Learning disabilities & writing, Part 2

2008-06-23 Learning Disabilities Part 2 (2)

In Part 1 of Learning Disabilities and Writing, I broadly defined three particular learning challenges: ADHD, dysgraphia, and dyslexia, specifically identifying how each affects a student’s writing.

Well, it’s one thing to put your finger on the problem, but quite another to find a working solution! We often get the question, “Does WriteShop work for children with learning disabilities?” For many older students with ADHD, dysgraphia, and dyslexia, WriteShop does seem to be an excellent fit.

“WriteShop’s lessons tend to work well for many types of learning-disabled children because of their explicit instructions and requirements.” – Nancy, learning specialist

Below I’d like to share ways that WriteShop can help students who learn with difficulty. Bear in mind that WriteShop I and II are written for 6th grade and above. But the following tips may help you overcome writing hurdles no matter what writing program you choose. 

Struggling learners benefit from specific instruction

  • WriteShop instructions are written directly to the student in an orderly, step-by-step fashion. They not only include writing ideas and clear directions, but many lessons also tell the student what NOT to write about or include in the composition. Furthermore, the Teacher’s Manual includes tips for the parent so that you can anticipate the most common kinds of errors your child might make.
  • Students do better when they can use graphic organizers such as mind-maps (clustering), charts, lists, or diagrams to help them outline and plan their work. WriteShop lessons provide many such opportunities for students to brainstorm and prepare for writing assignments.
  • Students who are easily distracted or who spell poorly benefit from word banks. WriteShop’s comprehensive, topical word lists help students make better vocabulary choices because new words (and their spellings) are readily available.
  • Checklists are vital to the struggling learner. It’s important for him to be able to mark his progress. WriteShop provides a lesson-specific Writing Skills Checklist for every writing assignment to help the student with his self-editing. A visually-overwhelmed student can use a plain sheet of paper to help him track each line of the checklist.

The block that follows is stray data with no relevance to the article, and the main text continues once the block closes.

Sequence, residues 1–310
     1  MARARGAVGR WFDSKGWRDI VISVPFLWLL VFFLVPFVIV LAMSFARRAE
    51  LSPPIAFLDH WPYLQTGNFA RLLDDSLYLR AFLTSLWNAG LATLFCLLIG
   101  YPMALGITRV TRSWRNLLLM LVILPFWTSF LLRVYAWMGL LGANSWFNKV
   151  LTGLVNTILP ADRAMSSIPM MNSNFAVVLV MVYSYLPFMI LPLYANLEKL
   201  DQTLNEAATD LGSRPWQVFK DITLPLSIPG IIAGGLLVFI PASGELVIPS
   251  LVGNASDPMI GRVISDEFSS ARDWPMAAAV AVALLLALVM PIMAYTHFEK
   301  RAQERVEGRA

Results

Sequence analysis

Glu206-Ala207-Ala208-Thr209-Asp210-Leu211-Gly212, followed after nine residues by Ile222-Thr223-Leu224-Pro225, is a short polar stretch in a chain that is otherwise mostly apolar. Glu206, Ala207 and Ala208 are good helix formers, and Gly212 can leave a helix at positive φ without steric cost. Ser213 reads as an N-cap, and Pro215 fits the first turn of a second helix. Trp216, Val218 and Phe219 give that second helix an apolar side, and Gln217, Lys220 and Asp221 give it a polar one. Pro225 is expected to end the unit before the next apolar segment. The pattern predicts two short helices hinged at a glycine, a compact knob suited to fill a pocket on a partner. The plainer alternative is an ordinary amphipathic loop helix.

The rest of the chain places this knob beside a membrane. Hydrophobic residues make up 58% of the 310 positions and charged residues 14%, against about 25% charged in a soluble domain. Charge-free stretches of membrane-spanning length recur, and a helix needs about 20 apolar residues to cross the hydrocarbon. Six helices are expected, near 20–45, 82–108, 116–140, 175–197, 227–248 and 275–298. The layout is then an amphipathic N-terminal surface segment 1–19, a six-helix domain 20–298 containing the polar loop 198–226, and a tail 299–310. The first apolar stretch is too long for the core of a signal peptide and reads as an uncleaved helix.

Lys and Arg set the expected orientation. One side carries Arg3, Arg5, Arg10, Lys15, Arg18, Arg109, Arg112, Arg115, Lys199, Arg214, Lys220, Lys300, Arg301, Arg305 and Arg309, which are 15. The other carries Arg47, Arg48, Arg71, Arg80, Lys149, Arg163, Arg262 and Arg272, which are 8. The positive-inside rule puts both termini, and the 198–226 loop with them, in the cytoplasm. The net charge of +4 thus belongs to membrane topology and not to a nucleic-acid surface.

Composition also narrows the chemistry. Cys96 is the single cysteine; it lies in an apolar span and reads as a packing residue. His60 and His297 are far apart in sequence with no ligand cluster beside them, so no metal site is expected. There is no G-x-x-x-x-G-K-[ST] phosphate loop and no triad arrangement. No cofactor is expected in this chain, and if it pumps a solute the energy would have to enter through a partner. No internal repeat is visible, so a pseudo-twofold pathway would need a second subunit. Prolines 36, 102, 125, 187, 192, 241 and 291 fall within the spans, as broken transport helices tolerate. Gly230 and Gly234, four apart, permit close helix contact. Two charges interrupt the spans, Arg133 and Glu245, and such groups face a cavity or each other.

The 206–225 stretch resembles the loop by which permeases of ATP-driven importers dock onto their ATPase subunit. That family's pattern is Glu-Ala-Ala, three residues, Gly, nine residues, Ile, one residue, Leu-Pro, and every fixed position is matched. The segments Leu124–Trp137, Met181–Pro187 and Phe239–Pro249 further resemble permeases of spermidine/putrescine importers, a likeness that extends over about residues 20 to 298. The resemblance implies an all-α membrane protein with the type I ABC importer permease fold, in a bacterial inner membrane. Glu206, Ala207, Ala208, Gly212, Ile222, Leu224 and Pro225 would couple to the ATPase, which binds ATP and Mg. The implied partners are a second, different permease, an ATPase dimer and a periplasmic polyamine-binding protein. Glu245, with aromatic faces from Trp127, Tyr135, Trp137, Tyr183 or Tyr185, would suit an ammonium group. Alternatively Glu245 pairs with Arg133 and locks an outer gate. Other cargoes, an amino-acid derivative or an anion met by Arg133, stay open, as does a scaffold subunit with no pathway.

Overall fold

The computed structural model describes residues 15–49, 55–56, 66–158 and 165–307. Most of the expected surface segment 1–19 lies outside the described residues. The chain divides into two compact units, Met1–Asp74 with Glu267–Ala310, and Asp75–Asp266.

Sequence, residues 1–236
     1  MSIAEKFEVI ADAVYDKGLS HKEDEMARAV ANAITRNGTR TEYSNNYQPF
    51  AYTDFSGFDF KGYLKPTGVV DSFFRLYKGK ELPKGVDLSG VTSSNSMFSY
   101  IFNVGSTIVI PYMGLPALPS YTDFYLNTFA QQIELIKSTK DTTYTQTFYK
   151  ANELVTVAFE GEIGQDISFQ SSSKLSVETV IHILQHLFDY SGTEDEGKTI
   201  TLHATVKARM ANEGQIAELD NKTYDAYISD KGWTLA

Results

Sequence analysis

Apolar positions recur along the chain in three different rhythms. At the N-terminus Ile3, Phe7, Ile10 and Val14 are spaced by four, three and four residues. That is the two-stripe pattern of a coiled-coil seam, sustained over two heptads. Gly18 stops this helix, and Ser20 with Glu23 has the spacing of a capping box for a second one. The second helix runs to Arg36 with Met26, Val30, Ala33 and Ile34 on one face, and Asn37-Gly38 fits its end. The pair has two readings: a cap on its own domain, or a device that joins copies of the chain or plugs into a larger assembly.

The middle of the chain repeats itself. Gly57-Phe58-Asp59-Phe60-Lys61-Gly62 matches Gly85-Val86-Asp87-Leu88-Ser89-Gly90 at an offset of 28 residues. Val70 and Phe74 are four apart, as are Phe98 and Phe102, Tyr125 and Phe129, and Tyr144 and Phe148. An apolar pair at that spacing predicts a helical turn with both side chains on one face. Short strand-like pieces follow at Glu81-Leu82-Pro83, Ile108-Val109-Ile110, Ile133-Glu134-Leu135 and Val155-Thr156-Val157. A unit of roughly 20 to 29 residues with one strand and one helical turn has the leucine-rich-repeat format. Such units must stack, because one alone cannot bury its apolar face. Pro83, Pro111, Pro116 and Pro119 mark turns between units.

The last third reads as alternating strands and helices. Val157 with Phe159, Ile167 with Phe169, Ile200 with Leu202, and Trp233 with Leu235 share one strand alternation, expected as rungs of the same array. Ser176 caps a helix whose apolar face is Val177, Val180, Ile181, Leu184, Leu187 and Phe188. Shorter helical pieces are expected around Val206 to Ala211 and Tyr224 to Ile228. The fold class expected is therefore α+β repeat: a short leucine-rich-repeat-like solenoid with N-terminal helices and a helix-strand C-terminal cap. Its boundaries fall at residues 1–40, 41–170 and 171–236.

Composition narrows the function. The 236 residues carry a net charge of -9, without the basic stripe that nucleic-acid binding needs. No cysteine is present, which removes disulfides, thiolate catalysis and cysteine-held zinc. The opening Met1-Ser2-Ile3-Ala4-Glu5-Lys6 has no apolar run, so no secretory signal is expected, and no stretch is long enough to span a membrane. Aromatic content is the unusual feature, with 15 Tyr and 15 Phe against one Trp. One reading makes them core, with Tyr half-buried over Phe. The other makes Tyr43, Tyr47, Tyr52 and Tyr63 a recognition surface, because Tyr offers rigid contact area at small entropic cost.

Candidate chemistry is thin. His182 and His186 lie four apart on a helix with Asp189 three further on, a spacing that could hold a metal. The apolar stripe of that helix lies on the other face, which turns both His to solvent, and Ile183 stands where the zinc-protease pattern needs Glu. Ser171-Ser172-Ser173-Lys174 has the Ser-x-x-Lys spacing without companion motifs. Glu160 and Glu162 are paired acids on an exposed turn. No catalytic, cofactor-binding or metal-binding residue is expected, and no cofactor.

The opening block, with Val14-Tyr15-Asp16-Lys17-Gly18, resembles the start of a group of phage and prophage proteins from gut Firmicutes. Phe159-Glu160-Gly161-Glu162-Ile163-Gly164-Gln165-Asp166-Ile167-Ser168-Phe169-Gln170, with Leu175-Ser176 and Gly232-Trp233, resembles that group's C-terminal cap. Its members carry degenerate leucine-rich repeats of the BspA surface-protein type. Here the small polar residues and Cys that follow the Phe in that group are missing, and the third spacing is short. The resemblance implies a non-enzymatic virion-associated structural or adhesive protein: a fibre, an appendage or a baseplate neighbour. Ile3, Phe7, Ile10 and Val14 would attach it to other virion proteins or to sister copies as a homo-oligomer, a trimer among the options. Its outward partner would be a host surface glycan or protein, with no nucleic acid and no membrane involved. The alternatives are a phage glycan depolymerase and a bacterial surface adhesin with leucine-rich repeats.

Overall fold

Struggling learners need reinforcement and repetition.

  • WriteShop lessons build on previously-learned skills.
  • Checklists help students apply these skills regularly.

Struggling learners benefit from alternative methods.

  • HugsThe physical act of writing may be too challenging. Instead of making your student write by hand, allow her to dictate to you while you write or type. Usually a student will use more complex vocabulary and sentence structure when speaking, but if asked to write the same information, she will often choose shorter words and sentences. Allowing her to dictate to you helps ease her stress about writing.
  • Perhaps she can edit and revise the draft you write and can recopy her own revision.
  • Or allow her to use the computer, including the spell check function.

Struggling learners do better with strict parameters.

  • They flounder when assignments are open-ended.
  • WriteShop gives specific requirements for each lesson, from brainstorming to writing. Students always know what they need to do.
  • WriteShop also restricts the number of paragraphs (usually just one) and paragraph length (at first 5-7 sentences but never more than 10 sentences in WriteShop I).

Struggling learners need bite-sized assignments.

  • WriteShop’s lesson schedules spread out assignments to allow for paragraphs to rest between drafts.
  • Assignments begin with prewriting activities and brainstorming exercises that narrow and focus in on the topic.
  • Lesson instructions are written in a step-by-step manner.

Dyslexic/dysgraphic learners benefit from projects that build writing skills.

  • Have them write letters, keep a diary, and make projects that use writing but are not writing-intensive, such as posters, mobiles, brochures, and cartoons.
  • WriteShop’s Teacher’s Manual has a wonderful supplemental appendix that is filled with ideas you can use with students of all ages.

Parent Testimonial

          “Our son is a junior in high school, and writing has always been rather a nightmare for him. He has ADHD and getting thoughts and words on paper is a difficult and long, drawn-out process for him. BUT your curriculum so quickly gave him the tools to help him to put descriptive, concrete thoughts on paper that I am truly amazed at what he can write after only Lesson 4. I know of at least one other home schooling family that has a son with special learning needs, and they rave about your writing program as well.” –Laurie, NY

To learn more, visit writeshop.com or download a sample lesson from WriteShop I.

Photo: Patrick Bell, courtesy of Creative Commons.

 

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1 comment so far ↓

#1 Learning disabilities & writing, Part 1 — In Our Write Minds on 06.23.08 at 10:48 am

[...] principles that might help you over the hurdle. I encourage you to check back next Monday for Part 2 in our series on Learning Disabilities and Writing. I promise to share all sorts of tips and solutions for helping your struggling [...]

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